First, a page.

"It's hard to say without knowing the exact structure of the plastics and any additives in the plastic," says Dr. Hauser. So, sometimes it's better to err on the side of caution. "I think a good recommendation is to try to avoid heating foods in plastic," says Dr. Hauser.
MORE QUESTIONS REMAIN
While microwaves accelerate chemical leaching from plastic, this isn't the only way that chemicals from plastic can wind up in your food or drinks. "Even if it's not microwaved, chemicals can still enter food stored in plastic containers or bags," says Dr. Hauser. "There were studies done a few years ago in Japan that show that plastics used to store foods and liquids allowed chemicals to leach into the foods and liquids."
Dr. Hauser was involved in another study that found liquids stored in plastic bottles that are subject to heat and sunlight passed chemicals into the liquids. And acidic foods, like tomatoes, can also absorb chemicals from the linings of food cans. Even vinyls or plastics used in homes or offices can release gases, putting measurable amounts of chemicals, such as phthalates, into the air over time. In the same way, plastic vapors can introduce chemicals to food, even if the plastic isn't touching the food, albeit in smaller amounts than would occur with direct contact. This might happen if you use a plastic splatter lid over a bowl in the microwave.
Even the most diligent efforts won't totally eliminate your exposure to harmful chemicals in plastics. That won't happen without changes in manufacturing, says Dr. Russ Hauser, of the Harvard T.H. Chan School of Public Health.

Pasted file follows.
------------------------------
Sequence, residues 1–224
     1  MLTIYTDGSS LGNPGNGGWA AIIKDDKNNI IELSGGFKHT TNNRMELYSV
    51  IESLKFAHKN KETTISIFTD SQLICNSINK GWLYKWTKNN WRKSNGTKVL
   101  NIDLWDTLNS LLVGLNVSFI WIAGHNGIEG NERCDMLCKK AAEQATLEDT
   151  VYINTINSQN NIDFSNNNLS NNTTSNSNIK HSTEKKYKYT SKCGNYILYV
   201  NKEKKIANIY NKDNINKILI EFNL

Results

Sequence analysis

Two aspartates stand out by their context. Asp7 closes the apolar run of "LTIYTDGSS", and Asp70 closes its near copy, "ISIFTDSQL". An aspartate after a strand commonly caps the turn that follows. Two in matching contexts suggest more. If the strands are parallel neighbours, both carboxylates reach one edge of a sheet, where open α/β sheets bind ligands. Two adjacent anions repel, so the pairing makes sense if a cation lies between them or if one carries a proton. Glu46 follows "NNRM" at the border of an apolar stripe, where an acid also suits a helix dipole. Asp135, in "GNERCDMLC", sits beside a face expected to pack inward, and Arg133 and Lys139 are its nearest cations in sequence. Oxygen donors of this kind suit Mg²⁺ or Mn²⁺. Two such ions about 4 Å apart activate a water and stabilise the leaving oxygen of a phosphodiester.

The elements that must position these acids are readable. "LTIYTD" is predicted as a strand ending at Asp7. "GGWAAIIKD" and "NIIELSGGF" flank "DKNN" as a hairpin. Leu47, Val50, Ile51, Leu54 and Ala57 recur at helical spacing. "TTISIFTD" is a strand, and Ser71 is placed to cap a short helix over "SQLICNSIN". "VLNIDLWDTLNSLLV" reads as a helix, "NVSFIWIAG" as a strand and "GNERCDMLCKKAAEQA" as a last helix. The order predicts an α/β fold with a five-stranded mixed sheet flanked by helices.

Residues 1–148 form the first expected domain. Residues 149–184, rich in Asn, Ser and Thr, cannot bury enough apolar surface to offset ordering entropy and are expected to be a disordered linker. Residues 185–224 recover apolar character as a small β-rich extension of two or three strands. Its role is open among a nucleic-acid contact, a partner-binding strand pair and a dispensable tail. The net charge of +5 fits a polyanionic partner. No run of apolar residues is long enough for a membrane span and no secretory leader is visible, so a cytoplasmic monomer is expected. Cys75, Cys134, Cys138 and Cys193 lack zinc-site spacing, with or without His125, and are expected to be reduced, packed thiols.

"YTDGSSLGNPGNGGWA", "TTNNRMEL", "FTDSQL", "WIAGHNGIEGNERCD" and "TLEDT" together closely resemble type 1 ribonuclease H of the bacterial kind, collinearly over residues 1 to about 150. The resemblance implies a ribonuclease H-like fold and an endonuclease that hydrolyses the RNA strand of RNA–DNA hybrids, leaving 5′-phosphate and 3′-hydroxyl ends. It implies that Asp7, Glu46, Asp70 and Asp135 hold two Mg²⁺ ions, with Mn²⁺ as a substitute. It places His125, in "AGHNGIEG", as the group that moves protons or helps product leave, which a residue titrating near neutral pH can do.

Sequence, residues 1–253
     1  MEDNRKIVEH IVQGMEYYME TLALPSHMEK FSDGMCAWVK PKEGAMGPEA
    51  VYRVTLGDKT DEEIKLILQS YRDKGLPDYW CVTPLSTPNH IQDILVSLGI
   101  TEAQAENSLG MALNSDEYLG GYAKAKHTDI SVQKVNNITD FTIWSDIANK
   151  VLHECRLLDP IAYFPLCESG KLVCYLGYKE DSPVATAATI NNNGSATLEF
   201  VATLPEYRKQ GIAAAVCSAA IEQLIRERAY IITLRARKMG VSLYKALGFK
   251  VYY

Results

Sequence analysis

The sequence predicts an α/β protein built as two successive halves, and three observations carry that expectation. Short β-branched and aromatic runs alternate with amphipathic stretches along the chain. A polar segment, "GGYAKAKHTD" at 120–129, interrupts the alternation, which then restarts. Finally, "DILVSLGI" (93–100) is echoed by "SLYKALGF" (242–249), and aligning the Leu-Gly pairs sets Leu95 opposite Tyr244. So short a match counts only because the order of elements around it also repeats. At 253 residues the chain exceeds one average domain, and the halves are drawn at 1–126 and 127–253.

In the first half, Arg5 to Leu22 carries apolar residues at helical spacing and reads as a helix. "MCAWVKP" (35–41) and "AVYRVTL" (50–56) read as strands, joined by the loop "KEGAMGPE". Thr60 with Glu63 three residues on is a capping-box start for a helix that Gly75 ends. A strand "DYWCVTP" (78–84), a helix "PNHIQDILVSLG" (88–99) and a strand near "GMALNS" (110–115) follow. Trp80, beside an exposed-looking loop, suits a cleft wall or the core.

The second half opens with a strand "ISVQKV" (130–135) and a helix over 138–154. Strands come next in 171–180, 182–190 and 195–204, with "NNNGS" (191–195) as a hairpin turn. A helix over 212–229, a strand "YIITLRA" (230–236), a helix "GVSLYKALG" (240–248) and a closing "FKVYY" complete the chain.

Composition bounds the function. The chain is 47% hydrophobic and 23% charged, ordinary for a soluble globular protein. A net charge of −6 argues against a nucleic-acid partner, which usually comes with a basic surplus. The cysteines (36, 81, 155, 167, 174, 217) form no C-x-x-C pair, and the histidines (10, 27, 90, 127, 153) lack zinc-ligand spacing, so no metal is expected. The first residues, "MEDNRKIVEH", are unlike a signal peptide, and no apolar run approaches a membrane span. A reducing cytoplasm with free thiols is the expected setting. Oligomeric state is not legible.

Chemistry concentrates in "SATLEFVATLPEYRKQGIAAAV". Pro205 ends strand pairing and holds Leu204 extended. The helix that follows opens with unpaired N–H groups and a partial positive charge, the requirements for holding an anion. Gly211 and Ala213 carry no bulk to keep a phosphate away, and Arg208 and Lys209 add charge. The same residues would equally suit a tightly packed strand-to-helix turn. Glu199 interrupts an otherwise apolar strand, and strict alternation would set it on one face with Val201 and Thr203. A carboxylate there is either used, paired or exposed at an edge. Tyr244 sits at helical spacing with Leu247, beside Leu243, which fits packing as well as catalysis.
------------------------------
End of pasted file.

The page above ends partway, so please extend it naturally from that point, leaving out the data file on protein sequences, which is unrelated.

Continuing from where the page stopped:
There are groups moving toward that goal. The Food Packaging Forum, a charitable foundation based in Zurich, Switzerland, works with experts to better understand scientific information that potentially affects the safety of food packaging. The group is working with manufacturers and others to make food packaging safer for consumers and to reduce plastic waste for environmental reasons, says Dr. Hauser, who sits on the organization's scientific advisory board. But the problem won't be instantly solved.
Packaging is designed to promote safety by preventing microbial growth and spoilage. "It's hard to completely replace plastic because of the ease and also the protection that it does afford," says Dr. Hauser. Finding safe and suitable alternatives is a challenge. Dr. Hauser believes the government should step in and create policies regarding chemicals in food packaging. The Environmental Protection Agency requires some toxicological testing of chemicals before they come to market.